Sakset/Fra hofta

Da åtte tyrkiske soldater som var blitt tatt til fange av PKK_geriljaen ble løslatt, kom det en merkelig melding om at deres tilfangetakelse kunne utløst en «katastrofe». De ble derfor tatt inn til avhør. Denne forblommede tale vakte en mistanke om mishag mot soldatene, og det viste seg å stemme.

Owen Matthews forteller hvordan tyrkiske medier og medlemmer av regjeringen har spottet soldatene, som ikke hadde mot til å bli martyrer.

In most countries, soldiers returning from being held hostage in enemy territory would probably be treated as national heroes. Not so in Turkey. Last week, eight Turkish soldiers kidnapped in an Kurdistan Workers’ Party (PKK) ambush on Oct 21st were released unconditionally by their captors. But the soldiers – six privates and two non-commissioned officers – returned to their homeland to face accusations of betraying their motherland. Justice Minister Mehmet Ali Sahin said on Monday that was «not entirely happy» about the soldiers’ release – adding that they were still being questioned by Turkish military interrogators about their ordeal. «No member of the Turkish armed forces should have found themselves in such a situation,» Sahin told an audience at Ankara University. «As a Turkish citizen I cannot accept the fact that they went with the terrorists that night. Our soldier is prepared to die if necessary when he is protecting the country.» Deputy Prime Minister Cemil Çiçek yesterday denied telling ministerial colleagues that two of the kidnapped soldiers had PKK sympathies and could have gone over voluntarily.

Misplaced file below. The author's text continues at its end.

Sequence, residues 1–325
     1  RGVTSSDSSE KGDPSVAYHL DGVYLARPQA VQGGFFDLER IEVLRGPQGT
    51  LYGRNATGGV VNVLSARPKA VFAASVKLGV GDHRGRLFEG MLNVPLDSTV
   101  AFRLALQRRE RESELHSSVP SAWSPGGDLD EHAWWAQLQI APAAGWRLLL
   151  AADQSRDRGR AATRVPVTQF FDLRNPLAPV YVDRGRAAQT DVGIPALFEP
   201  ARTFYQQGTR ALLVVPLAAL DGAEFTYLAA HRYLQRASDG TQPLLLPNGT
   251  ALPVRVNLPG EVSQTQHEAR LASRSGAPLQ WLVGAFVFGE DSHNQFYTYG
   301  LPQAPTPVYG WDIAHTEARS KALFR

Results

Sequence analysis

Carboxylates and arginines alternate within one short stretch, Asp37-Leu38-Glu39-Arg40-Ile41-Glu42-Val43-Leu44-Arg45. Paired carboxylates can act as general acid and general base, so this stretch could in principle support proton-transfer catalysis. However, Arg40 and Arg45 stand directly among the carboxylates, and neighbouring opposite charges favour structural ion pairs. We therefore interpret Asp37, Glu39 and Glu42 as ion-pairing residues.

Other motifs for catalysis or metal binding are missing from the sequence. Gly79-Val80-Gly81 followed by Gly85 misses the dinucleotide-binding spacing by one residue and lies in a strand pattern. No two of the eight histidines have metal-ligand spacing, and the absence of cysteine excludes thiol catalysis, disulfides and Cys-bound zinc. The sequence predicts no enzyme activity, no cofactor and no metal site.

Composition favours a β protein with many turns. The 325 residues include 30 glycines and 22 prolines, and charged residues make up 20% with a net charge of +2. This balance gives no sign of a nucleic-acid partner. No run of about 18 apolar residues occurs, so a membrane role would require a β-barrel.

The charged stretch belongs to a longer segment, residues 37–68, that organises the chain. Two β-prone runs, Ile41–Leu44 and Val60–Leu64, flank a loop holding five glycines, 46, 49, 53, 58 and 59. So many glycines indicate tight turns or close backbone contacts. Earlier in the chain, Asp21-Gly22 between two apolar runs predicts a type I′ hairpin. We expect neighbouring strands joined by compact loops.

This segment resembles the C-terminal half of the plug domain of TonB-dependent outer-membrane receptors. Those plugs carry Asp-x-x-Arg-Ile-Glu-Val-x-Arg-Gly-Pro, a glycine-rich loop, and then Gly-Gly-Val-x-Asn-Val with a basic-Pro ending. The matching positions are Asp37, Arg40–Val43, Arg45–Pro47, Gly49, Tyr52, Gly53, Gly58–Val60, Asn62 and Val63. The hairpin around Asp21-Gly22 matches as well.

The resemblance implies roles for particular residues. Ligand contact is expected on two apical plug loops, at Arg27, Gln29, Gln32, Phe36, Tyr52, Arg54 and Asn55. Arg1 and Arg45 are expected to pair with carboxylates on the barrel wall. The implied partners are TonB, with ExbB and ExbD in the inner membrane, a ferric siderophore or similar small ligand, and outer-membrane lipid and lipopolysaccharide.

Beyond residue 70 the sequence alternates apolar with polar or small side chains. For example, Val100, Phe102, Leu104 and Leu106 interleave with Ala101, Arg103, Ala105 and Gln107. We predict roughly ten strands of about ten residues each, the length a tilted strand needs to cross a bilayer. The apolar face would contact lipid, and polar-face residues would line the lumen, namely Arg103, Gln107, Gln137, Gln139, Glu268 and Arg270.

The story says a lot about the way Turkey works – and how, despite years of EU-inspired reforms, the country has still retained many of the habits of mind formed during years of military dictatorship. For one, the Turkish press remained almost silent about the fate of the eight kidnapped soldiers – a story which in any really open society would have been daily, front-page news. There were no explicit gag orders, explains a Turkish friend who edits a section of a major national paper – rather, the military «made it clear» through private, personal chats with top editors that it «wouldn’t be helpful to the Nation» for coverage to continue. «It’s not a censorship thing – we were doing our duty as citizens,» explains my friend – an American-educated Turk – with no trace of irony. «We couldn’t endanger the lives of our countrymen just for sensational news.» Then, after the soldiers’ release, came a backlash against the captured men which placed the blame for their kidnapping not on the Army – which still retains a powerful mystique in Turkey’s national ideology – but squarely on the soldiers themselves. «Shame, shame, what shame! Eight weak soldiers. I wish they had stood and fought and become martyrs,» reads one comment left by a reader on the website of Hurriyet, Turkey’s largest circulation daily, and quoted by the BBC. «What were they doing when their comrades were martyred beside them? If I were them I would be unable to look anyone in the face after this,» says another.

The crime of not dying for your country